To Be Perfectly Frank, This Is A Dog of a Project

Scan 4
Image: John Greenfield

Does the idea of slathering the centrally located riverside land at Fullerton/Damen/Elston with asphalt make you red-hot? Let 32nd Ward Alderman Scott Waguespack know this traffic artery-clogging plan for the sausage emporium site doesn’t cut the mustard.

 

  • David Altenburg

    It would be less of a frankfurter and more of a Schaumburger if this development is built.

  • R.A. Stewart

    Rimshot and a tip o’ the hat.

  • Dan

    John, I responded to your question from the prior thread. I repeat my comment here below. I’ve explained why I don’t think some of the alternate suggestions are the best for this location. 1. It’s cutoff, not a walkable neighborhood, 2. it’s far from train lines, limiting it’s attractiveness as an up-zoned dense residential project because that would generate a large number of PEAK-time driving commuters that worsen the traffic situation.

    A park would be nice, but given Chicago literally is on the verge of bankruptcy (http://www.bondbuyer.com/news/regionalnews/downgrade-leaves-chicago-with-22-billion-exposure-1073155-1.html), I understand why they didn’t pony up to buy the land from Vienna, instead letting them sell it to a developer.

    That leaves low-density residential for the area, which I think would sell at a discount (tough to rent or sell to non-car owners, significantly surrounded by the pre-existing big box/post-industrial/high speed auto environment). You can’t fault Mid-America for wanting to turn it into a Whole Foods. Even with the new Mariano’s, the tony Bucktown (and rapidly gentrifying Logan Square) are significantly underserved in the “luxury grocery” segment.

    We are getting a riverwalk (by ordinance). The alderman promised bike lanes. We should emphasize making those true PBLs. And we should pick our battles and promote smart, walkable TOD in areas that are actually close to the train (like Finkl Steel or the massive abysmal wreck of suburban development on Ashland between Belmont and Addison).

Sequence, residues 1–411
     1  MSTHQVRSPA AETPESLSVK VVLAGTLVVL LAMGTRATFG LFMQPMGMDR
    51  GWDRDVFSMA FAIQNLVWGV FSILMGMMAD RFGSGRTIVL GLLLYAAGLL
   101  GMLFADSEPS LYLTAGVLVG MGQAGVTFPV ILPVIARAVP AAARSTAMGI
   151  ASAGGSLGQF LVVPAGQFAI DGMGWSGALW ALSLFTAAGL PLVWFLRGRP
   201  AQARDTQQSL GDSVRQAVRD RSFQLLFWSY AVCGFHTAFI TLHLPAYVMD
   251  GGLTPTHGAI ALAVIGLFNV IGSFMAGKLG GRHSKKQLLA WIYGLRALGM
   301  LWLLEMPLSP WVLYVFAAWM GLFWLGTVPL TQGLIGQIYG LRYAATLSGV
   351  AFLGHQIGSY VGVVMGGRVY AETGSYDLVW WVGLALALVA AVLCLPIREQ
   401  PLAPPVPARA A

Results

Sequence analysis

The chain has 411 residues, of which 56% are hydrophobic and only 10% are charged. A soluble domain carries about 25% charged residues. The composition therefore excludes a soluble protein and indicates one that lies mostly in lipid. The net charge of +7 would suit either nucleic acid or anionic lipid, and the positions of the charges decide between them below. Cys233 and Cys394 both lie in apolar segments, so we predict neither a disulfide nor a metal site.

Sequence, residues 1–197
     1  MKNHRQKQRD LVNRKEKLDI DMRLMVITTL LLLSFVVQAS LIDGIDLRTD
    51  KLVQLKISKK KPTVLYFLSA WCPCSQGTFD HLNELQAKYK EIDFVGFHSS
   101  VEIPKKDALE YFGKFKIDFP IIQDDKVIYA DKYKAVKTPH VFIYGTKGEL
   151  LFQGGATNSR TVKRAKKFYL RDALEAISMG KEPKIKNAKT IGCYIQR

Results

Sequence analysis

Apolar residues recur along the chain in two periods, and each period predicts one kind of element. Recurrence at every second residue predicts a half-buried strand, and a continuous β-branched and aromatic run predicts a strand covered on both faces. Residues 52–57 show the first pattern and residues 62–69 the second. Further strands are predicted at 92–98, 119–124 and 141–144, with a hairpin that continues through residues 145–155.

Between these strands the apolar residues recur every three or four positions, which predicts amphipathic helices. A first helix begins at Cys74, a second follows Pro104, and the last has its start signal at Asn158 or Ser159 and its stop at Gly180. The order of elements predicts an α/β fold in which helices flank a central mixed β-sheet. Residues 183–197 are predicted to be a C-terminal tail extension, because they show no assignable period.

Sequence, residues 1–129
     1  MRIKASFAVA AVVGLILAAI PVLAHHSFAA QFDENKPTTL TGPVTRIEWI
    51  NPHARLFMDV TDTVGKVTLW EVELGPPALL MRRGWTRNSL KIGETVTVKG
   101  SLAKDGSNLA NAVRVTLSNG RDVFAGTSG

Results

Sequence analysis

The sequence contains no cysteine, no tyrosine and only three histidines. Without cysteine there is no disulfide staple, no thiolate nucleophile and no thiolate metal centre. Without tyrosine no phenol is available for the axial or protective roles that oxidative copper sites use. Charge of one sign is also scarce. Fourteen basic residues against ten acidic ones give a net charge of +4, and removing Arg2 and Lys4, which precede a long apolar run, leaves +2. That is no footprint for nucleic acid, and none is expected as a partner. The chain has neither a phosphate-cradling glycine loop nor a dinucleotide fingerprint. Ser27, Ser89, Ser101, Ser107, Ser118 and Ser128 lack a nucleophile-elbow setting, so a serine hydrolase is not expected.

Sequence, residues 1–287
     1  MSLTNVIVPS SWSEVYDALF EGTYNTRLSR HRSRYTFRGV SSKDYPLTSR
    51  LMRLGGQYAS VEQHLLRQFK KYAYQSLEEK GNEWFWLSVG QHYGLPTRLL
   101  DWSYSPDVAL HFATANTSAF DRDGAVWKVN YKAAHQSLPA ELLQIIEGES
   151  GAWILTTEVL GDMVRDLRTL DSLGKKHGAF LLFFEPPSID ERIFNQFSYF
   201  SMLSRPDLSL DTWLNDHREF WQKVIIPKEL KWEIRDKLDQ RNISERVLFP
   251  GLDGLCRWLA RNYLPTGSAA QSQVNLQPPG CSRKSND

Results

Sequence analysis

Opinion on Traffic:
    I’ll preface with an acknowledgement that I’m not a traffic engineer and I don’t have the IDOT data, so my opinion is not evidence based, it’s intuitive. So we’re both in the same boat on that.

    That said, based on my experience as a part time driving part time bus & train CTA commuter I would say that 6 way intersections are the bane of efficient traffic flow. It’s the same general reason that they took the cars out of Times Square in NYC, it was mucking up traffic all the way south to lower Manhattan.

    …but that’s getting off topic. In this case, it’s all about PEAK traffic times: rush hour.

    Creating some space here should definitely help offset that.

    The impact of the additional traffic light will depend on what development is there, could be zero, could be a problem.

    I don’t think a grocery or retail development would have much impact as those typically drive traffic on evenings and weekends (off peak).

    I am somewhat concerned about Chick-Fil-A, as many drivers will swing through for dinner. However I think the fact that it is a Chick-Fil-A certainly justifies the parking they’ve got there (something like 40 spots + room for 20 queuing in the drivethru from the looks of it).

    The best example I can cite here is Portillos & the Rock & Roll McDonalds in River North. Portillos does not have sufficent space to have its waiting vehicles off street and it blows up southbound traffic on Clark every rush hour. The McDonalds has plenty of space and never really impacts traffic flow.

  • I like(a) where you’re going with that. This kind of backwards urban planning is a throwback to Medieval Times.

  • Fred

    I lived just south of here behind Popeye’s for a year, half that time without a car. You can absolutely live here without being car dependent. There’s tons of shopping nearby and the Loop is a bus/bus or bus/train away via the Fullerton bus to the Red line or Damen bus to the Milwaukee bus or Blue line. I would walk down Damen to the Milwaukee bus and could be at my office in the West Loop in 45 minutes, including a mile of walking. When I biked I would take Elston (before PBLs) and could do the trip in 15-20 minutes.

  • Dan